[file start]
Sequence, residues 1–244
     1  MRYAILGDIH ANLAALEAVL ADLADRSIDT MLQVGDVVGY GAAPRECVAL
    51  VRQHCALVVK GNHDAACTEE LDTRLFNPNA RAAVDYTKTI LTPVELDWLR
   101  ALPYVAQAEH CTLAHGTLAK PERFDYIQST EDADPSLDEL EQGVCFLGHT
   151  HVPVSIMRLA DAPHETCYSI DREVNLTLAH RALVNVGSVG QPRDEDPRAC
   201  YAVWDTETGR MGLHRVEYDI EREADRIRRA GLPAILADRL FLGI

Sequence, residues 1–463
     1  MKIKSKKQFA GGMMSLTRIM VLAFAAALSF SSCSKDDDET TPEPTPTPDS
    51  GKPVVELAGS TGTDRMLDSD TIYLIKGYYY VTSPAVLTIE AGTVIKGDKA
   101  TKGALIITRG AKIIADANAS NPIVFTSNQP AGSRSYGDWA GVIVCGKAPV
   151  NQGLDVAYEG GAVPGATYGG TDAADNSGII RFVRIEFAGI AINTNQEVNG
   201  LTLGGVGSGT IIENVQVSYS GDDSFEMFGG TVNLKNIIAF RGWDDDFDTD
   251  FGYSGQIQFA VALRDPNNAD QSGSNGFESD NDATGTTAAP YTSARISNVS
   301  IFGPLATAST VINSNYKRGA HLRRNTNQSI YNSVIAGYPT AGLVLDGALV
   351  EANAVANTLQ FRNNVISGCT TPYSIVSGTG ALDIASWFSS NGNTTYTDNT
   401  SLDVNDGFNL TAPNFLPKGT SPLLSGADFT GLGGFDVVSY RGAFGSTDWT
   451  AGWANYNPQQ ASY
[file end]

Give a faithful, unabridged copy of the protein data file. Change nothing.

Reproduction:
Sequence, residues 1–244
     1  MRYAILGDIH ANLAALEAVL ADLADRSIDT MLQVGDVVGY GAAPRECVAL
    51  VRQHCALVVK GNHDAACTEE LDTRLFNPNA RAAVDYTKTI LTPVELDWLR
   101  ALPYVAQAEH CTLAHGTLAK PERFDYIQST EDADPSLDEL EQGVCFLGHT
   151  HVPVSIMRLA DAPHETCYSI DREVNLTLAH RALVNVGSVG QPRDEDPRAC
   201  YAVWDTETGR MGLHRVEYDI EREADRIRRA GLPAILADRL FLGI

Sequence, residues 1–463
     1  MKIKSKKQFA GGMMSLTRIM VLAFAAALSF SSCSKDDDET TPEPTPTPDS
    51  GKPVVELAGS TGTDRMLDSD TIYLIKGYYY VTSPAVLTIE AGTVIKGDKA
   101  TKGALIITRG AKIIADANAS NPIVFTSNQP AGSRSYGDWA GVIVCGKAPV
   151  NQGLDVAYEG GAVPGATYGG TDAADNSGII RFVRIEFAGI AINTNQEVNG
   201  LTLGGVGSGT IIENVQVSYS GDDSFEMFGG TVNLKNIIAF RGWDDDFDTD
   251  FGYSGQIQFA VALRDPNNAD QSGSNGFESD NDATGTTAAP YTSARISNVS
   301  IFGPLATAST VINSNYKRGA HLRRNTNQSI YNSVIAGYPT AGLVLDGALV
   351  EANAVANTLQ FRNNVISGCT TPYSIVSGTG ALDIASWFSS NGNTTYTDNT
   401  SLDVNDGFNL TAPNFLPKGT SPLLSGADFT GLGGFDVVSY RGAFGSTDWT
   451  AGWANYNPQQ ASY